Figure 1: Total bilirubin level over the treatment period.

After excluding viral and drug-induced hepatitis, alcoholic, autoimmune, genetic metabolic, and other liver diseases, the diagnosis was made of (1) hyperthyroidism (2) hyperthyroid liver failure and (3) hyperthyroid heart disease. After admission, the patient was given supportive treatment in the form of transfusion of fresh plasma, albumin, supplementation of vitamins, anti-inflammatory treatment with methylprednisolone, and treatment with compound glycyrrhizic acid, adenosylmethionine for liver protection, jaundice reduction, and furosemide for diuresis. However, the condition did not improve. Her liver failure worsened, and the condition deteriorated (Figure 1). On the 8th day of hospitalisation, we had a full discussion with the patient's family and added artificial liver support treatment. The review of liver function was better than before, showing albumin of 34.5g/L, total bilirubin, 359.6 umol/L, direct bilirubin, 198.0 umol/L, indirect bilirubin, 161.6 umol/L, AST, 38 U/L, ALT, 23U/L, but the patient refused to continue artificial liver treatment due to financial limitations. MMI 10 mg bid was added orally on the 10th day of hospitalisation. The patient's coagulation functions improved significantly, and the review of liver functions on 14th day of hospitalisation was worse than before (Figure 1). The patient refused to continue inpatient treatment and was discharged. After discharge, the patient continued to take MMI 10 mg bid orally, compound glycyrrhizic acid for liver protection, and anti-inflammatory treatment with methylprednisolone. One week after discharge, the review of liver functions suggested that bilirubin had significantly decreased. Three months after discharge, the patient was in good mental state with regular heart rhythm, normal liver functions, coagulation functions, thyroid functions and other indicators (Figures 1-3).

Figure 2: Free T3 (FT3) and free T4 (FT4) levels over the treatment period.

Figure 3: Changes in the scleral icterus during the course of treatment. (A) Illustrates the patient's scleral icterus on the 5th day of hospitalisation. (B) Represents the patient's scleral icterus on the 14th day of hospitalisation. (C) Shows the scleral icterus one week after discharge. (D) Depicts the scleral appearance one month after discharge.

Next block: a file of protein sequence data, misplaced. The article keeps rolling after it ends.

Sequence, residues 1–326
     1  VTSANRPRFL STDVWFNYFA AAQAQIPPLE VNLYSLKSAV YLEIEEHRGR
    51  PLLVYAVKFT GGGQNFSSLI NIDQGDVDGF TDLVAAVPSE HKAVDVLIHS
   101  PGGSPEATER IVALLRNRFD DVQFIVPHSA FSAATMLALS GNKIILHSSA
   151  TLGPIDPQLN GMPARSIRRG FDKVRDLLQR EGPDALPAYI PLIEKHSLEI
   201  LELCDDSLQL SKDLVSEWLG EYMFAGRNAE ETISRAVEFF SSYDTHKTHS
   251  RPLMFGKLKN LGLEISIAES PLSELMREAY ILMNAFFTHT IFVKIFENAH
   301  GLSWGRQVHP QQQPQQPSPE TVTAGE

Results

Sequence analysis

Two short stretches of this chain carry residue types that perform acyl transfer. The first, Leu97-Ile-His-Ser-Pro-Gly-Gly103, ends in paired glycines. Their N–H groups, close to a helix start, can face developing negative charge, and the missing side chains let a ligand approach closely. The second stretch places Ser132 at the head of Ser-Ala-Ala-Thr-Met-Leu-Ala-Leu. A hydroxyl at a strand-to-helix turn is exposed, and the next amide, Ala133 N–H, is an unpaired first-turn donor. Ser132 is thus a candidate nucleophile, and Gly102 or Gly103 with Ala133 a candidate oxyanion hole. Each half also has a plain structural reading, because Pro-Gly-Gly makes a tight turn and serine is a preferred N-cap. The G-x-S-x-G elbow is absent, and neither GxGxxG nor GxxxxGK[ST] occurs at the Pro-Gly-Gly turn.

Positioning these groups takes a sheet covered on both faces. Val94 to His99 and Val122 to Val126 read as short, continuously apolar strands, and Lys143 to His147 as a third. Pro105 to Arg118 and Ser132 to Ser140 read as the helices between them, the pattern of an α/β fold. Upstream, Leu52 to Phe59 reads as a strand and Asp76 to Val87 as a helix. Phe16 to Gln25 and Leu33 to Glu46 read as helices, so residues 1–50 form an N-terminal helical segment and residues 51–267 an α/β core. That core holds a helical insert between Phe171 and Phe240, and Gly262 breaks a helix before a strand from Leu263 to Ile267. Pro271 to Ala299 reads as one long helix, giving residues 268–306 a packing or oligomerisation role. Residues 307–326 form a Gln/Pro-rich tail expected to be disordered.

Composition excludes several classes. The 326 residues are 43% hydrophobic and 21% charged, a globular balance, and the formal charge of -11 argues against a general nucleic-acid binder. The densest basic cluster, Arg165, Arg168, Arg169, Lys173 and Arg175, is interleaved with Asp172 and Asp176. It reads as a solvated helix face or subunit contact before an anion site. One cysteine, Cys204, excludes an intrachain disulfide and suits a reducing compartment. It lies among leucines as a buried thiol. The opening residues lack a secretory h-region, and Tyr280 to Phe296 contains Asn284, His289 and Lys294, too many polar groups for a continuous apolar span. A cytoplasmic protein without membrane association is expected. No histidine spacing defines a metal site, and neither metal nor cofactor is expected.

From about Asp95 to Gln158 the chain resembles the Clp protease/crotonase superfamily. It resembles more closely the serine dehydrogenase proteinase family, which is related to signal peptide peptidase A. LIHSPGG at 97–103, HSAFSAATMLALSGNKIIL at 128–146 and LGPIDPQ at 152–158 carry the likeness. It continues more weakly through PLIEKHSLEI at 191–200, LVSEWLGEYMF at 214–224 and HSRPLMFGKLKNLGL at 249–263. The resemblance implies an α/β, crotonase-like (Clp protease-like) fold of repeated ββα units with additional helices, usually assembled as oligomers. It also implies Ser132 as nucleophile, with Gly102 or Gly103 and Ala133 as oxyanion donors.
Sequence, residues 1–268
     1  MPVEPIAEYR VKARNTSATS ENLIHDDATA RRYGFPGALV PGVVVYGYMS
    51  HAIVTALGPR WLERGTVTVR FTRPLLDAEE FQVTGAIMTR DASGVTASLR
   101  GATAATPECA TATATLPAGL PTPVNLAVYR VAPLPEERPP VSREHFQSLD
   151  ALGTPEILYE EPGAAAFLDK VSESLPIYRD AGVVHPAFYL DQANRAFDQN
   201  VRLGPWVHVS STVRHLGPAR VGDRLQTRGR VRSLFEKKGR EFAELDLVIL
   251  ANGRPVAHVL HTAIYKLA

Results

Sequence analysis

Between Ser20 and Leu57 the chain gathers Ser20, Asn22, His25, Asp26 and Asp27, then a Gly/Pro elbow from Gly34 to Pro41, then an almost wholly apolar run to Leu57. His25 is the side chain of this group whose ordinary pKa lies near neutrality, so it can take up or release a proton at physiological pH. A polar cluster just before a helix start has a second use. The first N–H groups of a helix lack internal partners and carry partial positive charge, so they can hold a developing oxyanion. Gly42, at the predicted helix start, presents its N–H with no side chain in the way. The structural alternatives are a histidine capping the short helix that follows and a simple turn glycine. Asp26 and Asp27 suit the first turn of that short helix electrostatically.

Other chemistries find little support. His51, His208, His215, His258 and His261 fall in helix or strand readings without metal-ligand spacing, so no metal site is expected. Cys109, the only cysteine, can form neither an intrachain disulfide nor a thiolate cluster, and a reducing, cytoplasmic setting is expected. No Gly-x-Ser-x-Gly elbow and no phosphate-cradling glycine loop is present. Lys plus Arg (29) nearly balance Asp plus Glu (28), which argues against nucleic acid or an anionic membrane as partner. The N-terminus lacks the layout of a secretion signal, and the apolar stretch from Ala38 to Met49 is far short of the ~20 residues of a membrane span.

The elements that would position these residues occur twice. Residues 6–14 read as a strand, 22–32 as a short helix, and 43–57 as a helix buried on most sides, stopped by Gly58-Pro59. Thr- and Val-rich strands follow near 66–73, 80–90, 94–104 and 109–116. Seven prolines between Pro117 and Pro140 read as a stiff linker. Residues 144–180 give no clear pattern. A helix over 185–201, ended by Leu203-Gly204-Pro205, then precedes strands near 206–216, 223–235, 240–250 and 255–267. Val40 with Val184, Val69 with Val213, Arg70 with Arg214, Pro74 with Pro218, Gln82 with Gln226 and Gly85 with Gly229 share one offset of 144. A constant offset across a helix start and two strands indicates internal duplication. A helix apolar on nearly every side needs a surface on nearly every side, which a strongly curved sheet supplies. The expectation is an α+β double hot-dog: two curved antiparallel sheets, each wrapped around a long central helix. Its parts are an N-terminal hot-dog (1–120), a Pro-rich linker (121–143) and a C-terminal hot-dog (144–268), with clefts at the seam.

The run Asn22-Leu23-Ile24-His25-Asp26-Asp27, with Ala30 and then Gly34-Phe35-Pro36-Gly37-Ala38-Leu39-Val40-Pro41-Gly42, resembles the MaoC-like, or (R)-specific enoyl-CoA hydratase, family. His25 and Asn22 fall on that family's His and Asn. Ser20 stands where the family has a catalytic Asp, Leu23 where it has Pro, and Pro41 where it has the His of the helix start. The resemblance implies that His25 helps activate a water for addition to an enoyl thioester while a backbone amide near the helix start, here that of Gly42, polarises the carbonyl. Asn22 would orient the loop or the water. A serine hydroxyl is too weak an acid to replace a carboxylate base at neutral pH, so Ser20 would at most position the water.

Hyperthyroidism is a common endocrine disease, caused by excessive thyroid hormones in the circulation due to various diseases of the thyroid itself or outside the thyroid, leading to increased excitability and metabolism of various systems. Hyperthyroidism-induced liver injury is common in clinical practice. The incidence of hyperthyroid liver injury reported in the literature is 40 to 89%, and it is mostly of mild to moderate degree. Hyperthyroidism associated with severe jaundice is rarely reported.3 The present case focuses on the clinical characteristics and treatment strategy of hyperthyroidism-associated severe jaundice. The mechanism of hyperthyroidism-induced liver injury is not clear. The possible reasons include: (1) During hyperthyroidism, although cardiac output is increased, the blood supply to the liver is not correspondingly increased, which can lead to the liver being in a relatively ischemic and hypoxic state, causing liver injury; (2) Severe hyperthyroidism may cause right heart failure, which further exacerbates liver ischemia, hypoxia, and liver injury; (3) During the treatment of hyperthyroidism, the use of antithyroid drugs (ATDs) may cause drug-induced liver injury (DILI), but the incidence is low. The literature reported that the incidence of ATD-induced liver injury is less than 0.5%, and most occur within the first 3 months of medication.3 This patient had a history of intermittent oral MMI for 13 years and had stopped the medication for more than one month, so DILI was not implicated.4 Some studies had shown that hyperthyroid liver injury may be related to the presence of high-titer TRAbs and other autoantibodies in the body, and a strong autoimmune response.4 In general, hyperthyroidism can cause liver injury through multiple pathways, but the exact mechanism is not yet clear.